Police fines fund city budgets but hurt community relations : The Indicator from Planet Money Police fines and fees have helped to fill city coffers, but they've done serious damage to community relations.
NPR logo

Who Pays For The Police?

  • Download
  • <iframe src="https://www.npr.org/player/embed/878861015/878870754" width="100%" height="290" frameborder="0" scrolling="no" title="NPR embedded audio player">
  • Transcript
Who Pays For The Police?

Who Pays For The Police?

Who Pays For The Police?

  • Download
  • <iframe src="https://www.npr.org/player/embed/878861015/878870754" width="100%" height="290" frameborder="0" scrolling="no" title="NPR embedded audio player">
  • Transcript
Tasos Katopodis/Getty Images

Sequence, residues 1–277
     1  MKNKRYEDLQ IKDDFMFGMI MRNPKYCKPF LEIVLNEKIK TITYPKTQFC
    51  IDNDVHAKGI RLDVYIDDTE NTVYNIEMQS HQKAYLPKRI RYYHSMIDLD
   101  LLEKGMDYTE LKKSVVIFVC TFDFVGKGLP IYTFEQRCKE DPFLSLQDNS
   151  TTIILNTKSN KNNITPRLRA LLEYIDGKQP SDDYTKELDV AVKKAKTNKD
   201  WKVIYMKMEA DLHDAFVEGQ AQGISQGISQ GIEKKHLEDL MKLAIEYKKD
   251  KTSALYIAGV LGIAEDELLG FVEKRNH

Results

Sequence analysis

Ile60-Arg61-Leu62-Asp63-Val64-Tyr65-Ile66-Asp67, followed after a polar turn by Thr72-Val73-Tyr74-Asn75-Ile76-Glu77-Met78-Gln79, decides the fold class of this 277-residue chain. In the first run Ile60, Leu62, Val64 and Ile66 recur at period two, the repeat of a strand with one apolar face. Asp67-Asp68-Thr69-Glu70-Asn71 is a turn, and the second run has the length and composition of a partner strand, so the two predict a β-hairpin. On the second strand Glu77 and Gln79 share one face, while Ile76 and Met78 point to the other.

People walk down 16th street after "Defund The Police" was painted on the street near the White House on June 08, 2020 in Washington, DC. (Photo by Tasos Katopodis/Getty Images)
Tasos Katopodis/Getty Images

Fees and fines from traffic stops, jay walking and appearances in court have become a big part of many city budgets. Police departments have become particularly reliant on this revenue source. They used to get most of their money from taxes, but back in the 80s, there was a wave of tax cuts in municipalities across the country. Fees and fines emerged as a way to generate money for police departments and cities.

Many cities have come to count on revenue from fees and fines, not least because they enable politicians to cut taxes in other places, like property taxes. But while the rise of fees and fines might have benefited some property owners in certain municipalities, it has created some serious consequences. The fines have hit communities of color and low-income communities harder than others. The use of fees and fines to balance city budgets also appears to have done real damage to the relationship between police and the communities they are serving.

Music by Drop Electric. Find us: Twitter / Facebook / Newsletter.

Subscribe to our show on Apple Podcasts, PocketCasts and NPR One.